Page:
CONCORD — The New Hampshire Supreme Court, in a 3-2 decision announced Friday, has found that Laconia’s nudity ordinance does not discriminate against women by allowing men but not women to be topless in public.
The case arose from two arrests at Weirs Beach in 2016. Ginger Pierro was practicing yoga in Endicott Park without a shirt on May 28, 2016, and refused several requests from police to cover her breasts, leading to her arrest. Kia Sinclair and Heidi Lilley, who are involved in the “Free the Nipple” movement, appeared topless at the same beach on May 31, 2016, in a civil disobedience effort to end gender discrimination involving women’s breasts, and in support of Pierro, according to court documents.
The three women’s challenge to Laconia’s ordinance failed in local courts and eventually made it to the state Supreme Court. They argued that it was discriminatory to differentiate between the treatment of men and women based on their anatomy.
The ordinance banning nudity in public places defines “nudity” as “[t]he showing of the human male or female genitals, pubic area or buttocks with less than a fully opaque covering, or the showing of the female breast with less than a fully opaque covering of any part of the nipple.”
Sinclair told the court that “breasts, specifically nipples, are ‘hypersexualize[d]’ and ‘consider[ed] pornographic and taboo,’ which she stated results ‘in the stigma’ and ‘contributes to the low breastfeeding rates that the United States has compared to the rest of the world.’”
The state responded that the ordinance “only distinguishes between men and women on the basis of their different physical characteristics ….”
The court, noting the lack of case history in New Hampshire, cited cases in other states in which similar ordinances have been upheld by the courts, especially Seattle v. Buchanan, in which the Washington Supreme Court stated, “It is true that [the ordinance] requires the draping of more parts of the female body than of the male, but only because there are more parts of female body intimately associated with the procreative function. The fact that the ordinance takes account of this fact does not render it discriminatory.”
Writing for the majority, Associate Justice Anna Barbara Hantz Marconi stated, “We agree with the dissent, of course, that this court has a duty “to make an independent determination of the protections afforded in the New Hampshire Constitution … we fail to see how we depart from that duty by checking our work against other courts, many of them in states with equal protection provisions similar to our own.”
The ruling continues, “The facts of this case, including the particular way in which men and women differ with respect to the traditional understanding of nudity, are unique. … Nor should the siren call of ‘equal rights’ lead us to forget our constitutional role. … That the ordinance may or may not ‘reflect sociological insight, or shifting social standards’ is not determinative for our purposes.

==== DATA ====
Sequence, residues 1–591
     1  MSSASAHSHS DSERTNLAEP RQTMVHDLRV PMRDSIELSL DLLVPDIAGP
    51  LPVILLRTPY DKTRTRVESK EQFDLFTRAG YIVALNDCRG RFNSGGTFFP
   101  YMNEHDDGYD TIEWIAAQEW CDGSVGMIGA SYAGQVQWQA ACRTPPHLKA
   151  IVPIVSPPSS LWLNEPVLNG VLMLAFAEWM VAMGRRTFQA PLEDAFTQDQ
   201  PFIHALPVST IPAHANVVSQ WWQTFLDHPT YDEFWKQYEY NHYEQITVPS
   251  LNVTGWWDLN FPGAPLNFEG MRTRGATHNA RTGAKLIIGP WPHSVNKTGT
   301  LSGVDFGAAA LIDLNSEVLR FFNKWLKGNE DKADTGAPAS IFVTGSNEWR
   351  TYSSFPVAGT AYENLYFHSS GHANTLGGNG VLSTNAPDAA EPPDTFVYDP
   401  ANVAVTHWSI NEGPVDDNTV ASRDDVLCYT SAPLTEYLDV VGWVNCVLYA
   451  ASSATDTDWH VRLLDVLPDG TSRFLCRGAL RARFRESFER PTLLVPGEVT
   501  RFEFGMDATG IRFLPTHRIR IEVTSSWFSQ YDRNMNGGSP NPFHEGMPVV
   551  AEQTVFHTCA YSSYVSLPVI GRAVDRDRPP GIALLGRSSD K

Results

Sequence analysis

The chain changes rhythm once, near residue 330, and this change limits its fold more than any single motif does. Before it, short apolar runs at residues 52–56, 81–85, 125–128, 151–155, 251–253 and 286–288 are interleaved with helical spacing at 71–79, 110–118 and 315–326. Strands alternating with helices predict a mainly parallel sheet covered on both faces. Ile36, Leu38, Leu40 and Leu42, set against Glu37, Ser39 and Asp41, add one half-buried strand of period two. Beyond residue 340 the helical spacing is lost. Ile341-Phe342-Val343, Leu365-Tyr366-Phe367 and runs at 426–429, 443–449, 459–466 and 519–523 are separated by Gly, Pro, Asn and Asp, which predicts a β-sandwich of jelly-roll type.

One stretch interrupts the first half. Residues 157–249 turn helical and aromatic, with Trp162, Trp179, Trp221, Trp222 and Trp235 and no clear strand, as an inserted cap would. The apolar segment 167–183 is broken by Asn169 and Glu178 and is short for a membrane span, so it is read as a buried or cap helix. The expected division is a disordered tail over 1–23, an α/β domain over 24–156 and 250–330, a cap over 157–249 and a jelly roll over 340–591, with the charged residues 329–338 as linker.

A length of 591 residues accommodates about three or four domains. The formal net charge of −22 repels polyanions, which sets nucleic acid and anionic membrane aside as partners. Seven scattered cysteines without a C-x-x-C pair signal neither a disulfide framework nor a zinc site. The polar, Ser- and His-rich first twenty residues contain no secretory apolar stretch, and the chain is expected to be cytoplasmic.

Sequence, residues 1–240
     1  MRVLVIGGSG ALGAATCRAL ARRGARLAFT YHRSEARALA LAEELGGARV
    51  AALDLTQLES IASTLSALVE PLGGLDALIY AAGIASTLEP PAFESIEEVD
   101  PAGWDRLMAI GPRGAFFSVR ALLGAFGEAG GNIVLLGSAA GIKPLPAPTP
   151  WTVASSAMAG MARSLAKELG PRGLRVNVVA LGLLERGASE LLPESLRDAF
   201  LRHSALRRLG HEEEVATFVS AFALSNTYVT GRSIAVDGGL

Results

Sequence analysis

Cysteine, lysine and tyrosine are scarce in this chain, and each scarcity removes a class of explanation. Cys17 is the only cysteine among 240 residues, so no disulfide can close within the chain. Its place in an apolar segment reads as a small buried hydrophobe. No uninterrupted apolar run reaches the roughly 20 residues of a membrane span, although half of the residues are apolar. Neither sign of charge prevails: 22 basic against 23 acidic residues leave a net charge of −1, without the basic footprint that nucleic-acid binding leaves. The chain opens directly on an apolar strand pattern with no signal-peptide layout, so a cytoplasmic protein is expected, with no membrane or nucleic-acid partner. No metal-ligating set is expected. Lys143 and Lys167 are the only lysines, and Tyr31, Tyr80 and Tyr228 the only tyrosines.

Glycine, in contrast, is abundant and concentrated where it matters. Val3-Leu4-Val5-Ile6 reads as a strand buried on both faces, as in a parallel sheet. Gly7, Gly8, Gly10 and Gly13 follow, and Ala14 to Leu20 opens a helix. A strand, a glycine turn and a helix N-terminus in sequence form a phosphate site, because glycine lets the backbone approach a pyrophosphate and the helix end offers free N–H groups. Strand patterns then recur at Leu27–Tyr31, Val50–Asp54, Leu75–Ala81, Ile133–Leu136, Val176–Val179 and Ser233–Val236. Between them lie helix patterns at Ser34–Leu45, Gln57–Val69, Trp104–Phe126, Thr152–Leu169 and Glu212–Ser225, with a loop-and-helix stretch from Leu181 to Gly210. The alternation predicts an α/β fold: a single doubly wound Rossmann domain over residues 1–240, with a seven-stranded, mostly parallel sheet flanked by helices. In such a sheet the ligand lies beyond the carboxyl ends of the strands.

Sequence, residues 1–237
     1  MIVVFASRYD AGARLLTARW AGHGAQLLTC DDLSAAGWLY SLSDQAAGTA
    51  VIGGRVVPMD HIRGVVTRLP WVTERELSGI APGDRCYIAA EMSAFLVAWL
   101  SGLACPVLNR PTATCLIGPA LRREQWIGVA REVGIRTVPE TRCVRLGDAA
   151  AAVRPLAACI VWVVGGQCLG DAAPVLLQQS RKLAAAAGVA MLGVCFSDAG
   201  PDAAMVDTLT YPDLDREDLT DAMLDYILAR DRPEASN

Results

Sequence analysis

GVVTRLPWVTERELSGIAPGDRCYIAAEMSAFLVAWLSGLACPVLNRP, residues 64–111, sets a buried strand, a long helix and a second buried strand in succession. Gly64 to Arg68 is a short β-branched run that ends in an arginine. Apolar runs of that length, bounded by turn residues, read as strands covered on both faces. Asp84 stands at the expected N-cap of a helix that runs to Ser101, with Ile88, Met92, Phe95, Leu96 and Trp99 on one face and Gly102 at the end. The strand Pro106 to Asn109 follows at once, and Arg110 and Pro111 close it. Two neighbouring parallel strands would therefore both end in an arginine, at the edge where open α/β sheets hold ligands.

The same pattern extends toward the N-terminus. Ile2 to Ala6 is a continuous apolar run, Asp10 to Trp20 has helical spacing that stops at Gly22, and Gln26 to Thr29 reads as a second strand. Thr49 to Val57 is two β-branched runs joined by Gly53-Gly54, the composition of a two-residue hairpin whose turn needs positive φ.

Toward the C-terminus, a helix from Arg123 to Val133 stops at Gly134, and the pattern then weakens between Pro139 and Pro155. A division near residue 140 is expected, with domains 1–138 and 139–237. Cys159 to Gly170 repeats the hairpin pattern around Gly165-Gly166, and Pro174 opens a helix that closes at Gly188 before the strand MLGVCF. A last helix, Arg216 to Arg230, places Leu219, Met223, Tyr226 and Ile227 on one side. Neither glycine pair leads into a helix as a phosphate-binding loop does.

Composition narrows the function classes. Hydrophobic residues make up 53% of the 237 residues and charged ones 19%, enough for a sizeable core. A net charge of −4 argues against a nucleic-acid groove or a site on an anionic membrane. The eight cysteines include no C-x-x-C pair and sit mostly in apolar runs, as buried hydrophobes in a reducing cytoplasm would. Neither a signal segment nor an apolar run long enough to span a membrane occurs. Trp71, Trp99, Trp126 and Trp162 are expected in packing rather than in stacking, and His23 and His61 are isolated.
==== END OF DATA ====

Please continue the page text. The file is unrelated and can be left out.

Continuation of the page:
Quoting from Planned Parenthood of Southeastern PA v. Casey, the court wrote, “‘We are told that concepts of morality and propriety are changing’; if so, then ‘it can be reasonably expected that public demand will soon make it imperative that this portion of the ordinance be repealed.’ … The people of Laconia may make such a decision, but this court will not make it for them.”
Associate Justice James Basset wrote a minority opinion and said while he agreed with much of the majority position, he rejected the argument that the ordinance is not discriminatory because, as a whole, it applies to both men and women. “The challenged portion of the ordinance creates a public dress code which only one gender can violate,” Basset wrote. “This is a gender-based classification.”
“We are extremely disappointed in the Court’s ruling that treating women differently than men does not amount to sex discrimination. The court has effectively condoned making it a crime to be female,” the women’s lawyer, Dan Hynes, said in a statement. “Since the N.H. Constitution, which prohibits sex discrimination, was not enough to prevent this unequal, and unfair treatment, we are hopeful the New Hampshire legislature steps up to correct this injustice by outlawing Laconia’s ordinance.”
Reached after the decision, Lilley said, “Obviously, we’re disappointed.” She said they will be “thinking about what our next step will be, what directions we’re going to go from here.”
While they may appeal the decision, “You can’t tell what the courts are going to do. You just have to trust the judicial system in the end.”
Gilles Bissonnette, the legal director at the ACLU of New Hampshire, which filed an amicus brief in the case, said he was disappointed with the ruling.
“Unlike the Federal Constitution and the cases interpreting its equal protection provision cited by the majority, the New Hampshire Constitution provides even broader protections against gender discrimination,” Bissonnette said in a statement. “What is deeply concerning about this decision is that it undermines these broader, unique constitutional protections and, in so doing, minimizes the importance of the New Hampshire Constitution.”
The attorney general’s office, which defended the ordinance in court, said it would have no comment beyond the brief it submitted. It had argued the city was trying to avoid a public disturbance resulting from bare-breasted women on the beach and that it narrowly tailored the law to requiring only the covering of nipples — not requiring women to wear shirts.
(The Associated Press contributed to this report.)